Residents of Delhi, Mumbai, Kolkata, Bangalore and Chennai are experiencing some of the worst health and economic impacts from coal pollution compared to those living in other major cities around the world. New research released today by C40 Cities examined India’s existing coal power plants and plans to expand India’s coal fleet in the years ahead. According to the study, under current plans major Indian cities would suffer 52,700 premature deaths, 31,300 preterm births, 46,800 asthma emergency hospital visits and 25.8 million days of sick-leave over the next decade.
India is the second-largest coal user in the world. 55% of India’s coal-generated electricity is generated within 500 km of these five megacities. Air pollution from coal-fired power plants travels long distances and all of the coal plants within a wider geographical area (here defined as 500 km) put urban residents’ health at risk, especially the young, the elderly and pregnant women.
The report suggests that state and national governments air quality plans should incorporate an early retirement of coal, starting with the oldest and most polluting units, alongside investing in clean energy instead of building new coal plants. C40’s research shows that retiring 20% of existing coal plants (approximately 46.5 GW of old coal) and stopping the construction of new coal power near Delhi, Mumbai, Kolkata, Bangalore and Chennai would have significant benefits between 2020-2030:
● Save lives by reducing air pollution. The current proposed coal expansion could cause 52,700 premature deaths, 31,300 preterm births and 46,800 asthma emergency hospital visits over the next decade in the 5 cities. The coal expansion would result in an additional 5,700 asthma cases among children and cause chronic health problems for urban residents. It is estimated that the coal expansion would result in a total of 48,900 life-years lived with disabilities. These health impacts could be avoided by retiring the oldest and least competitive coal plants around major Indian cities and investing in clean energy rather than new coal capacity between 2020-2030.
Benefit the economy. Air pollution impacts urban economies through a reduction in labour productivity and an increase in employee absence, leading to economic losses and increasing health costs. In India, business leaders estimate that employee productivity decreases by 8-10% on high pollution days.1 Our research suggests that around 25.8 million sick days could be caused by air pollution exposure from coal power plants in major Indian C40 cities between 2020-2030 if the current proposed expansion of coal capacity takes place. Over the coming decade, the economic health costs associated with coal pollution is estimated at 46.5 billion USD, more than twice as much as India’s total public health expenditure in 2018.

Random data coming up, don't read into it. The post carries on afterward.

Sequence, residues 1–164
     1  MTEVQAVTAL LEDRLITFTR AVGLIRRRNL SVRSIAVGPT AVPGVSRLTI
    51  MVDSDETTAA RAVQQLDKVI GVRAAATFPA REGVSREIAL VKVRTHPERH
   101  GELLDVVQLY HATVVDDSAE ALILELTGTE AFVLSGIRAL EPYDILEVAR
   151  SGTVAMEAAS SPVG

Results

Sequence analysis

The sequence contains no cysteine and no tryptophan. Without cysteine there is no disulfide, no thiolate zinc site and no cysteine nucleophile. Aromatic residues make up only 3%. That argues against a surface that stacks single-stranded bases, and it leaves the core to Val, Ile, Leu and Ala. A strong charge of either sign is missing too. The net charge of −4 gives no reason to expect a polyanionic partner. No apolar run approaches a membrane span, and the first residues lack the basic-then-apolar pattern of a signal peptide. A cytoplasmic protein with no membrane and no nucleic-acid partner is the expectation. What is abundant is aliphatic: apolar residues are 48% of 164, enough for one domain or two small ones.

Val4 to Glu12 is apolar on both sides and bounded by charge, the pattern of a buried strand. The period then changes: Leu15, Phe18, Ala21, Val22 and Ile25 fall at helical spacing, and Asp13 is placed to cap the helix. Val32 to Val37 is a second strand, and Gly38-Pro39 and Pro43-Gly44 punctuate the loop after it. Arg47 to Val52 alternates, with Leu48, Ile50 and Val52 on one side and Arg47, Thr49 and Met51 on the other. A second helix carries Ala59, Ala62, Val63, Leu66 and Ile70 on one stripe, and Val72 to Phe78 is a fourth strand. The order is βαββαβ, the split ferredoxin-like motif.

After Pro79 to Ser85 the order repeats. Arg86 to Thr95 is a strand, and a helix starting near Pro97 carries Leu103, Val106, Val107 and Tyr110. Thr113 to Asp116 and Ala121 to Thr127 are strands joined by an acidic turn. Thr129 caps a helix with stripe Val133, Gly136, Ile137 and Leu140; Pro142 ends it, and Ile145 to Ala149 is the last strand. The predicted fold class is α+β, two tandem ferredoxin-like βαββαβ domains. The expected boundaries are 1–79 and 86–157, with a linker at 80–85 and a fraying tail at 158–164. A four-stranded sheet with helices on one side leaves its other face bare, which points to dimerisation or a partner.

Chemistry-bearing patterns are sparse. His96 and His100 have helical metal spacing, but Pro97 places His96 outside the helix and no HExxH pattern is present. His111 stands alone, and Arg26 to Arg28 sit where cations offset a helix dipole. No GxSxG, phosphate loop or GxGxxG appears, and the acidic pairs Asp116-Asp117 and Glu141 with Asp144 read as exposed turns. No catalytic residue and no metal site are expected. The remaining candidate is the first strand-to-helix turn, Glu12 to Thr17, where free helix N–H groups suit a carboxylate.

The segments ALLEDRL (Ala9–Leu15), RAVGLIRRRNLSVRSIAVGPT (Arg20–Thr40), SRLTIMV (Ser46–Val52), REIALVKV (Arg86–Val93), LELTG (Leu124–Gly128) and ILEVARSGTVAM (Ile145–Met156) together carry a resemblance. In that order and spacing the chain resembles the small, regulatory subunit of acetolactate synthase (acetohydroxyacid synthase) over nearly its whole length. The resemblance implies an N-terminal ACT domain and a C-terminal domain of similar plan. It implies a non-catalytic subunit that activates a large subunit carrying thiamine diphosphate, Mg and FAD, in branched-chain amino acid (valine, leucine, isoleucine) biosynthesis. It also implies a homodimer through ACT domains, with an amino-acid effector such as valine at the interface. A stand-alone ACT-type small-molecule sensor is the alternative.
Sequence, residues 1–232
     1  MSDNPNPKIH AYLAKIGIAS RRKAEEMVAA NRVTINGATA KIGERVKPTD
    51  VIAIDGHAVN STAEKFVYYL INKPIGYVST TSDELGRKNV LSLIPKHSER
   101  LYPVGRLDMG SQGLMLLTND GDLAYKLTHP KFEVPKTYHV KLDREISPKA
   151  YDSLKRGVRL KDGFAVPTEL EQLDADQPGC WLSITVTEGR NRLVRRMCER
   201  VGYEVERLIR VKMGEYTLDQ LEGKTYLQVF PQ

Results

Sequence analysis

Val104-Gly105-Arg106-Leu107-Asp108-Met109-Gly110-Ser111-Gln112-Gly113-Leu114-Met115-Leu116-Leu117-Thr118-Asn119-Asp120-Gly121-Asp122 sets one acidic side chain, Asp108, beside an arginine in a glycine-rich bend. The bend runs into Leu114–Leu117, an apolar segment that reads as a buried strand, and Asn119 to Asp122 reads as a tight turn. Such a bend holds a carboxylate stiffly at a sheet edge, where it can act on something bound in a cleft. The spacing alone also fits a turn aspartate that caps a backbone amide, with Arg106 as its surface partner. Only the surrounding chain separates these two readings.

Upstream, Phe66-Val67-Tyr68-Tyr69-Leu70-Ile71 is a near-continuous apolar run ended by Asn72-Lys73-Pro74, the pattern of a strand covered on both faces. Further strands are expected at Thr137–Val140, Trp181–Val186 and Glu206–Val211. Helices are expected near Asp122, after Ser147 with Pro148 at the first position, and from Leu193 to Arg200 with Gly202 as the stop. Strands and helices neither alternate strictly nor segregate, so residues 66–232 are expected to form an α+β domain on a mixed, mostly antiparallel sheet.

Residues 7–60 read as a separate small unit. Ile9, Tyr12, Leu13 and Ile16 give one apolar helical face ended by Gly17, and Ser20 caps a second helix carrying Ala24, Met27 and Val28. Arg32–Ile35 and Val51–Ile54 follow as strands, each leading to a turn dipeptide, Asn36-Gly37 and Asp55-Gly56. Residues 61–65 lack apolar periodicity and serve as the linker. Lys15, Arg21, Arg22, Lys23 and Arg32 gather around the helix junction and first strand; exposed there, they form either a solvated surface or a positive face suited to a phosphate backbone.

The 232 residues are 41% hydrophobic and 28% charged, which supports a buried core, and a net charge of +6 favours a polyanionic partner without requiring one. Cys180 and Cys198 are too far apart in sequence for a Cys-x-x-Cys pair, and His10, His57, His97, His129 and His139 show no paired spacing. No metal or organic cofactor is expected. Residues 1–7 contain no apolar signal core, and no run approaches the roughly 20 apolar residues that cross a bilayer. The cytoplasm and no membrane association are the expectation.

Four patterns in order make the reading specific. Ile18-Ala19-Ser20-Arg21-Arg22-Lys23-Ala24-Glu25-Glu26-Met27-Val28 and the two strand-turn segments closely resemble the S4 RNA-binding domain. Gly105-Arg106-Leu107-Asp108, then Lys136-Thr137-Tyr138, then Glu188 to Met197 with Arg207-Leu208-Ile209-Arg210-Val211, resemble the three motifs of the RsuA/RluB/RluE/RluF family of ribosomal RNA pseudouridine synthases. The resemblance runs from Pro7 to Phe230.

● Generate employment. Create 160,000 additional energy jobs by 2030 by replacing the 46.5GW of old uncompetitive coal plants with renewable energy.
● Provide urban residents with cheaper electricity. Solar and wind energy is already cheaper than new and operating coal power plants in India. Investing in clean energy rather than new coal plants will impact household savings as well as reduce costs for businesses and government operations that are major electricity consumers.
● Tackle climate change. Reduce India’s total annual GHG emissions by 11% (274 MtCO2 of emission savings) per year, which would be the equivalent of taking 60 million vehicles off the road for a year.
“By continuing to support coal-fired power plants, national and state governments are threatening the health and well-being of all those living in major Indian cities while undermining India’s air quality targets. India’s current national coal policies fall dramatically short given that current plans would expand the coal fleet by 28% between 2020 and 2030 not reduce it by 20%, which global 1.5oC-compliant climate targets require. Current coal plans could increase the number of annual premature deaths from coal-related air pollution in major Indian cities by 60%.” Dr Rachel Huxley, Head of knowledge and research at C40.
“A transition to clean energy is not only critical for Indian cities to reduce air pollution, improve their residents’ health and deliver their climate targets, aligned to Paris Agreements but also to create jobs.” Shruti Narayan , Regional Director C40, South and West Asia
C40 Cities has, together with the University of Maryland and the Centre for Research on Energy and Clean Air (CREA), modelled a plant-by-plant retirement scenario for India that considers the age, technology, profitability, operating hours, water and air pollution impact in order to identify how a coal phase-out could be structured to minimise economic losses by retiring the least competitive coal
plants first. A clear plan for how plants could retire over the next 25 years also provides coal asset owners and coal industry-employees with time to adapt to structural changes.
Based on our modelling, coal use in India must peak at the latest this year, and reduce by 20% between 2021 and 2030, with the entire fleet of Indian coal plants being retired by the year 2045 to reduce emissions in line with a 1.5oC climate scenario. This scenario can support India to go beyond its current climate commitments, while drastically improving urban air quality and minimising economic losses. “This research shows that focussing on renewable energy will have broader economic, employment and health benefits than a continued expansion of coal power, which is incompatible with India’s clean air goals.” Markus Berensson, Senior Research Manager, C40 cities.